Given the juxtaposition between increased degradation of public and tribal resources versus the navy’s need to expand operations in terms of military readiness, the past five years have been punctuated by a series of discussions and negotiations about whether a viable compromise could be brokered among many of the key stakeholders. Such a compromise would need to be included in the National Defense Authorization Act (NDAA) for Fiscal Year 2023 (FY2023), an annual “must pass” bill that is critical in guiding DOD activities and operations for the upcoming calendar year. Thankfully, the FY2023 NDAA does indeed include language that strives to resolve these complex issues. As such, the DOD, and congressional NDAA negotiators needed to strike an incredibly sensitive balance that met the expanding training and national security needs of the U.S. Navy without adversely impacting the surrounding environment and tribes. 

BLM lands in Grimes Archeological Area, overlooking the Numu Newe Special Management Area, Northern Nevada

Credit: Sharon Buccino, NRDC

The final expansion agreement in the FY2023 NDAA incorporates direct input from the tribes that was carried by Nevada’s congressional members, in particular Senators Catherine Cortez Masto (D-NV) and Jacky Rosen (D-NV), along with Representative Mark Amodei (NV-02). The language was also supported by the U.S. Navy and Department of the Interior. While the U.S. Navy receives much of the expansion it sought—558,535 acres in total—the integrated resource management plans of those lands must provide access to tribes and give them meaningful opportunities to comment on their development. The U.S. Navy will also conduct a survey to evaluate and inventory the culturally significant resources and sites with the goal of mitigating further harm to those areas.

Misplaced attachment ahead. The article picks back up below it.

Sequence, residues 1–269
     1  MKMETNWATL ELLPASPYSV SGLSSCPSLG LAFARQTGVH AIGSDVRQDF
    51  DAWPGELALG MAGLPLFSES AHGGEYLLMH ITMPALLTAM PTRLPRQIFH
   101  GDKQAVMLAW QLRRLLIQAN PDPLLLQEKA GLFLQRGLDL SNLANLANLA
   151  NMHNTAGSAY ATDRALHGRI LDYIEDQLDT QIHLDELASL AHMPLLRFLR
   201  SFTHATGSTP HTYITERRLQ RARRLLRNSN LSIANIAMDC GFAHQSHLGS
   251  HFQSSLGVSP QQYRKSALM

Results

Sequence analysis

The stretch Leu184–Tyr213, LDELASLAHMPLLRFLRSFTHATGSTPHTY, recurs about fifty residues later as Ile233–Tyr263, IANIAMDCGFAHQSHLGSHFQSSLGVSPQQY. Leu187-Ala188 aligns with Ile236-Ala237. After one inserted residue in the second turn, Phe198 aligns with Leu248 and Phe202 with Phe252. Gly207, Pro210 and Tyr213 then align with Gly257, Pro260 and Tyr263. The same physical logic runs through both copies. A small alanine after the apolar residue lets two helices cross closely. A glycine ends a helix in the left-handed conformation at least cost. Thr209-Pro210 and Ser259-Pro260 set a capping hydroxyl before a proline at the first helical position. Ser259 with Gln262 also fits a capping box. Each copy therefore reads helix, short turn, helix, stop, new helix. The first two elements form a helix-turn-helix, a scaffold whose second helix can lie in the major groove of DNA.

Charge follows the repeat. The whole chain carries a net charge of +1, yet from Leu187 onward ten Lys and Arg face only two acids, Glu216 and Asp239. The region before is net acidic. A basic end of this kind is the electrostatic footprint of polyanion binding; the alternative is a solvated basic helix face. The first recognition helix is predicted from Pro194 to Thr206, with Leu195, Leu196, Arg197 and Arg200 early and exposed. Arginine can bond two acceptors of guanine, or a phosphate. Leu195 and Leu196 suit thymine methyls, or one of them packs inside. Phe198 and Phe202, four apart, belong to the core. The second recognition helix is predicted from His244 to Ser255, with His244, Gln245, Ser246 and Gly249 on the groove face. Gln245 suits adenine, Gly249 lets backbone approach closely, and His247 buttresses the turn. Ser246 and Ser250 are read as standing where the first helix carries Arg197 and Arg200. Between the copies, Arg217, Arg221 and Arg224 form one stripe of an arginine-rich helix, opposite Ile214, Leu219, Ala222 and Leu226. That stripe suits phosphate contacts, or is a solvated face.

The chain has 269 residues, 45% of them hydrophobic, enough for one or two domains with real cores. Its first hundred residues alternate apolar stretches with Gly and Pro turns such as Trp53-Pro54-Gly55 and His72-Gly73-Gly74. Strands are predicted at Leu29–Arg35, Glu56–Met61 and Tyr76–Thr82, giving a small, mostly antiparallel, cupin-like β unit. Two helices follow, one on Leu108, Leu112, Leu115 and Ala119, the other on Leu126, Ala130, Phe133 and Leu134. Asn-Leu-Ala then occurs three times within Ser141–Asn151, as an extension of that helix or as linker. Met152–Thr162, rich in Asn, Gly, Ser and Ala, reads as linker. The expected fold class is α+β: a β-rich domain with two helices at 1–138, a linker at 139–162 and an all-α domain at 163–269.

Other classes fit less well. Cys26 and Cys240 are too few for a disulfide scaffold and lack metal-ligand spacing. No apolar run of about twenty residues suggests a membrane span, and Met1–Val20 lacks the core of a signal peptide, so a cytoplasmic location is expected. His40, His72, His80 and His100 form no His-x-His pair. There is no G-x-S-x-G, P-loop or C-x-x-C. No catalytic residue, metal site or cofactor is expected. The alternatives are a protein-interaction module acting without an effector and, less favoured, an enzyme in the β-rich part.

The agreement also designates nearly 218,000 acres to create the Numu Newe Special Management Area that will protect the impacted environment and, to the maximum extent possible, preserve culturally and religiously significant tribal sites while similarly ensuring that tribes have critical access to their lands. Both the Fallon Paiute Shoshone and Walker River Tribes were also granted protected lands that are held in trust for their use and will be managed cooperatively with the tribes and Department of the Interior. The tribal nations will also receive funding to equitably address environmental justice concerns and to help integrate the tribes’ knowledge and expertise. 

NRDC supported the Fallon Paiute Shoshone Tribe’s request to use part of the funding to establish the Numu Newe Cultural Center, which will support sustained tribal knowledge, culture, and language, and an identity that is tied so intricately to the land and the tribe’s way of life. NRDC is also thankful that all of the principals involved in the NDAA negotiation—including Interior Department staff, congressional members, and U.S. Navy leadership—were willing to incorporate input from the diverse array of interests, which aligned behind the deep-seated conviction that conservation of this critical area and the ongoing need to meet core military training and readiness needs were not inherently incompatible. This agreement is the outcome of years of negotiations between the U.S. Navy, Congress, the affected counties in Nevada, and local tribes, and it reflects the very notion that protecting the environment and protecting national security are not mutually exclusive.